If you're headed into a job interview, you'll want have your resume and a couple of references handy. After all, your interviewer may ask for references, and you don't want to seem like you're unprepared. Not only that, but having references which give positive feedback of your work ethic can go a long way. Hearing positive input from your references could give you a leg up on your competition, and could persuade the employer to hire you.
Having a list of three references is standard. There is a certain etiquette to asking someone to be your reference. At Liberty Staffing Services, some of positions require references. We would like to give you some tips on how you can ask and successfully obtain references.
Choose the Right People
When you're compiling your list of references, make sure to choose people that you believe would speak about you in a positive light. Asking a previous employer that fired you to be your reference is probably not the best idea.
Choose coworkers and supervisors that would speak highly of your work ethic, skills, and teamwork.
Once you have three people who could be your reference, get in touch with each and formally ask them. By formally, we mean asking politely through a professional platform. We don't advise texting your previous employer using slang, or calling them at home.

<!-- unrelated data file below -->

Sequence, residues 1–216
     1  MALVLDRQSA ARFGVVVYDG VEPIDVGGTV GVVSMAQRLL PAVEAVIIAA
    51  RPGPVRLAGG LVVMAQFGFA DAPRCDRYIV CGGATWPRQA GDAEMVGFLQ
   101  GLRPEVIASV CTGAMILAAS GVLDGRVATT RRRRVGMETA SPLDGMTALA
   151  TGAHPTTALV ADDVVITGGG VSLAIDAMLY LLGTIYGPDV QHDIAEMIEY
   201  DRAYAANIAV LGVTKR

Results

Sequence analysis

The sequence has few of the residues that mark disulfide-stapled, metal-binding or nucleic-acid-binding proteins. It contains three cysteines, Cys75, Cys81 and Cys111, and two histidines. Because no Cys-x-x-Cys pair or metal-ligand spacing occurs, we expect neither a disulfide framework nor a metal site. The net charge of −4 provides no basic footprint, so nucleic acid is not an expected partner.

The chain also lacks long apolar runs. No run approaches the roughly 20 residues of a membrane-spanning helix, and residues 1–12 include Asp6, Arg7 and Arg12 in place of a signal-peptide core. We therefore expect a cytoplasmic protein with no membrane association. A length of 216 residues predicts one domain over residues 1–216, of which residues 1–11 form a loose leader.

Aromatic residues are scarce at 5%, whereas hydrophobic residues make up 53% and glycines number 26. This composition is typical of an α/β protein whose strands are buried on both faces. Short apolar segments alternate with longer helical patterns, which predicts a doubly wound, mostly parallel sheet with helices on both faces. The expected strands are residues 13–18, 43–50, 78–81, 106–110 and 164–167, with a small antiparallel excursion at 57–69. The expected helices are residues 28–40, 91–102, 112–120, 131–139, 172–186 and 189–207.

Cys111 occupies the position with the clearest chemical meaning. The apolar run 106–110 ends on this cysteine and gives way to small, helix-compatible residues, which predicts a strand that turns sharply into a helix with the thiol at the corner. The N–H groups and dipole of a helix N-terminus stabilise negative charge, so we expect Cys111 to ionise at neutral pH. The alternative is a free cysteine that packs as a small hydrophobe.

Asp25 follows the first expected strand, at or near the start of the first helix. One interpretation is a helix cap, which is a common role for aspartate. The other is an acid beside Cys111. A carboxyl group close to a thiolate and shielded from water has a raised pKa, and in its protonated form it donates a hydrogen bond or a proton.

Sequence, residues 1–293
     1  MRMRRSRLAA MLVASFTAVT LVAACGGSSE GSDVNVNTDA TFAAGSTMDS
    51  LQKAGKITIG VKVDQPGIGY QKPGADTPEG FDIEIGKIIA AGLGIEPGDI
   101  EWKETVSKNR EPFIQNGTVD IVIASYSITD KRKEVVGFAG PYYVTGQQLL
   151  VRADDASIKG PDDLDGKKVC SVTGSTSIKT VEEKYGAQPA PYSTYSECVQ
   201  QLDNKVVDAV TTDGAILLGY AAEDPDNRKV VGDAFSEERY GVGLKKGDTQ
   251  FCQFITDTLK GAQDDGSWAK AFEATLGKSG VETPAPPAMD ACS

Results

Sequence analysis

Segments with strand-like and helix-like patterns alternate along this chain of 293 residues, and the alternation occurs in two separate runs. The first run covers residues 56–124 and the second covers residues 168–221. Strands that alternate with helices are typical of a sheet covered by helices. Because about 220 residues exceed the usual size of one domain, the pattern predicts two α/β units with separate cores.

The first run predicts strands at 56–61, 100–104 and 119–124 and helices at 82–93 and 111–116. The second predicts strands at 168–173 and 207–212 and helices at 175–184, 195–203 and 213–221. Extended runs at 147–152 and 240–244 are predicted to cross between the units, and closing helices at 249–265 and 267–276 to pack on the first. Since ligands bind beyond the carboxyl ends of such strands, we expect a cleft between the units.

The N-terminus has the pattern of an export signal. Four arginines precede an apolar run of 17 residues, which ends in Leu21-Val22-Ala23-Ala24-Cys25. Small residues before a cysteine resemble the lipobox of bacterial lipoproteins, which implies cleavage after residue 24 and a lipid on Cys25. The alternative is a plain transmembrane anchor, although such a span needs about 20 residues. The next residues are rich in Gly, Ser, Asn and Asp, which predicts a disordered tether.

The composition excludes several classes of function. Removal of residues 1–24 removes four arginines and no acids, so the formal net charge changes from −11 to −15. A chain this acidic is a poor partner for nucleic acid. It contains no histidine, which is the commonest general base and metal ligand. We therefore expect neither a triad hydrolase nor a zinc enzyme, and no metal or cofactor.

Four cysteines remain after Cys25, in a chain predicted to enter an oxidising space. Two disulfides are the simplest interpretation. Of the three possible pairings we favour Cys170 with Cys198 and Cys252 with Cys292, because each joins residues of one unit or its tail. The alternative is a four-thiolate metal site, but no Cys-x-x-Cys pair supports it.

Email your contacts through their work email address. Or, you can call them at their office during business hours. Keep your correspondence as professional as possible. We're sure that your references will to return the favour, and offer a professional viewpoint of you to the employer.
Contact in Advance
It's very important to contact your references well in advance of your scheduled interview. The last thing that you want to do is contact a potential reference the day before your interview, because what if they don't get back to you in time? You can't put down their name on your reference list because they haven't given their consent. You'll be back to square one, with few references (or none) to mention.
Many people in the working world have busy schedules. The more time you can give to a previous employer or coworker to answer your reference request, the better. If you have a good, strong connection with these people, we're sure they would be happy to be your reference, but you'll have to give them the time to do so.
Follow Up Before and After Your Interview
Once your contacts have agreed to be your reference, your reference list should be ready to go for your interview. Give your contacts the date and time of your interview beforehand. That way they'll have an idea of when they could be getting a call from the employer.
It's a good idea to give a quick heads up to your contacts after your interview as well, especially if the employer states that they will be contacting your references during the interview process.
Need more reference tips? Contact us today!